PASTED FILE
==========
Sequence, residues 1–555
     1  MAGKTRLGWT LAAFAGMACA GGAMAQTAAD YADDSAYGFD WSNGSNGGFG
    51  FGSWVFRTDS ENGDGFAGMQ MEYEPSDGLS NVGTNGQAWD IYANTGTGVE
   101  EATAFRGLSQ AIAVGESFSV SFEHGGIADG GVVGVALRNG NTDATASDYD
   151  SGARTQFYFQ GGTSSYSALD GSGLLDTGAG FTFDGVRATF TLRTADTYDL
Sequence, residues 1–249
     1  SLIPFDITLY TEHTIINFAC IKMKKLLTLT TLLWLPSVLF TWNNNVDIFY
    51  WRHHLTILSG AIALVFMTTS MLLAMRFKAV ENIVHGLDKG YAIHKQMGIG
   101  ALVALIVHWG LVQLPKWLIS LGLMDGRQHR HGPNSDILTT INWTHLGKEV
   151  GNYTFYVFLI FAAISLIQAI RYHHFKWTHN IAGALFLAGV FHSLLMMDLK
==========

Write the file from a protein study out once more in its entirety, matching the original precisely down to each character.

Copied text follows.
Sequence, residues 1–555
     1  MAGKTRLGWT LAAFAGMACA GGAMAQTAAD YADDSAYGFD WSNGSNGGFG
    51  FGSWVFRTDS ENGDGFAGMQ MEYEPSDGLS NVGTNGQAWD IYANTGTGVE
   101  EATAFRGLSQ AIAVGESFSV SFEHGGIADG GVVGVALRNG NTDATASDYD
   151  SGARTQFYFQ GGTSSYSALD GSGLLDTGAG FTFDGVRATF TLRTADTYDL
Sequence, residues 1–249
     1  SLIPFDITLY TEHTIINFAC IKMKKLLTLT TLLWLPSVLF TWNNNVDIFY
    51  WRHHLTILSG AIALVFMTTS MLLAMRFKAV ENIVHGLDKG YAIHKQMGIG
   101  ALVALIVHWG LVQLPKWLIS LGLMDGRQHR HGPNSDILTT INWTHLGKEV
   151  GNYTFYVFLI FAAISLIQAI RYHHFKWTHN IAGALFLAGV FHSLLMMDLK